Doctor James Robinson returns to his hometown. He visits his observatory while we relive his younger days alongside a letter he sent to his son, Charlie. We learn of his experiments in the theoretical physics of Para-Radiation. He receives a government grant to continue investigating Para-Radiation and, ultimately, create a weapon with the knowledge gained. He hopes the grant will bring his wife, child, and himself out of poverty.
Doctor Star and the Kingdom of Lost Tomorrows takes place in Jeff Lemire’s Black Hammer universe, but it reads like a sincere yet tempered send-up to DC’s Starman and the Justice Society of America. As to which of DC’s Starman—well the aesthetics and personality appear to be Jack Knight primarily, but the retro-era invokes Ted Knight with some of the costume detailing coming from Prince Gavyn.
Beyond that, it aims for Post-Crisis and especially the Geoff Johns era of JSA where the heroes are older and looking back on their career. That’s not to say that JSA is the only series to have ever done this, but the lead and some of the other details point towards JSA inspiration.
All of this in mind, it’s a great send-off. The origins of Doctor Star achieve that classic heroic origins framework, and the somber tone of the narration adds an air of both reminiscence and regret to the story. It’s both thoughtful and wistful. Plus, you don’t need to have followed Black Hammer to understand the plot.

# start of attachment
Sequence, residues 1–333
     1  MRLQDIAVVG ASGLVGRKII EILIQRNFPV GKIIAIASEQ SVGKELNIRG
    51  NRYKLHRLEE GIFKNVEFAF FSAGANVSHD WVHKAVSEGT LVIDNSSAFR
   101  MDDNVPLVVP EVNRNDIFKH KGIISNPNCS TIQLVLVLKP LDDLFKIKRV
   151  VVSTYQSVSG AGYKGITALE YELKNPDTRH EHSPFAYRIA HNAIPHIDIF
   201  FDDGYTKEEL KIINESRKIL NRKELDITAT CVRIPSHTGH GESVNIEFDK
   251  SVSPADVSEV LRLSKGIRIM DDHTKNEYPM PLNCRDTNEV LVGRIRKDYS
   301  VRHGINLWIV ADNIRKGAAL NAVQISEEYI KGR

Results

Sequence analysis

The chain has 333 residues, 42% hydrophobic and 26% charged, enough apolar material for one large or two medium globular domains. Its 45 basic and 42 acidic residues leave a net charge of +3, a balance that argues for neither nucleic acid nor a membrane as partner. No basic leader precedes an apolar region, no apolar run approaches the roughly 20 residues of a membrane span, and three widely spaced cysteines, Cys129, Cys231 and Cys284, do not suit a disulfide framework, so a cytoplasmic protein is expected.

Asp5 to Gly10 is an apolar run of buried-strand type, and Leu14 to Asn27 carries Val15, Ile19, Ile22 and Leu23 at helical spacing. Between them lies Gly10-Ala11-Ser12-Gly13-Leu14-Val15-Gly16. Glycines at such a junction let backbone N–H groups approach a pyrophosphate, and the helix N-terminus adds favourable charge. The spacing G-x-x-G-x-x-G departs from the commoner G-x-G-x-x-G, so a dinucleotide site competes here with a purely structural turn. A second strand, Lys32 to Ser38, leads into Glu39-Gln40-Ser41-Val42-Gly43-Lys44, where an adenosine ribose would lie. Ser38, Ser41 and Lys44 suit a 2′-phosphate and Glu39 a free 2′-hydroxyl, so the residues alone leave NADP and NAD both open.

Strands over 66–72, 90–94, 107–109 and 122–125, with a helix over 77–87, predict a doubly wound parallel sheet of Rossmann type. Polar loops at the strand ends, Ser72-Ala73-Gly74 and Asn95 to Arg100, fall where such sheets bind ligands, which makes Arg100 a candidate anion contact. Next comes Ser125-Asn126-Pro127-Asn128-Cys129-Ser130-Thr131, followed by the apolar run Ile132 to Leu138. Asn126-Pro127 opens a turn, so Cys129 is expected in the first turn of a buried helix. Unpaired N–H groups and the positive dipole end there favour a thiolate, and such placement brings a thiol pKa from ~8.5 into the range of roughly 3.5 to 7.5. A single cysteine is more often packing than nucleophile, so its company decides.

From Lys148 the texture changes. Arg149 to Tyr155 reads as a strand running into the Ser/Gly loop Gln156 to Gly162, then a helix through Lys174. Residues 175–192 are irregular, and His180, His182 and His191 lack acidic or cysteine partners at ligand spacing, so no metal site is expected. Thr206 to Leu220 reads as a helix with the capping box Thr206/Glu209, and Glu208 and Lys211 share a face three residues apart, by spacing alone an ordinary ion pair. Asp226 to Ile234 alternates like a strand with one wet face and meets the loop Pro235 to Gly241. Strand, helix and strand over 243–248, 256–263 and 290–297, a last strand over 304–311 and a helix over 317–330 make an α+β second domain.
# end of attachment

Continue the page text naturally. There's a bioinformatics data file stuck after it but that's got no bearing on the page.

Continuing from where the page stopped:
Max Fiamura’s artwork is the fight mixture of grainy and classic to make this work. The world is detailed and even a little gritty, but it’s also cartoonish enough and evokes the feelings of older comic art when it needs. Dave Stewart’s color art bounces between cold grays and sepia brightness to match these conflicting tones well.
Doctor Star and the Kingdom of Lost Tomorrows #1 promises to be an emotional and conflicted tale of classic heroism and how it all looks after hanging up the suit. This is a very strong opener, and Jeff Lemire seems to be only getting started. This one is strongly recommended. Check it out.
Be the first to leave a review.
- Homestuck Book 1 Hardcover Collection Review: A Neat Collectible for Homestuck Fans - May 21, 2018
- Comics for Your Pull Box, Week of May 23, 2018: Flash War Begins and the Hunt for Wolverine Goes to Madripoor - May 21, 2018
- Top and Bottom 5 Comics, Week of May 16th, 2018: Superman Special Brings it Home - May 19, 2018
- Fence #6 Review: Plays too Close to the Shonen and Sports Anime Playbook - May 19, 2018
- Jirni Vol. 3 #3 Review: A Bland Protagonist in a Somewhat Creative Fantasy Setting - May 19, 2018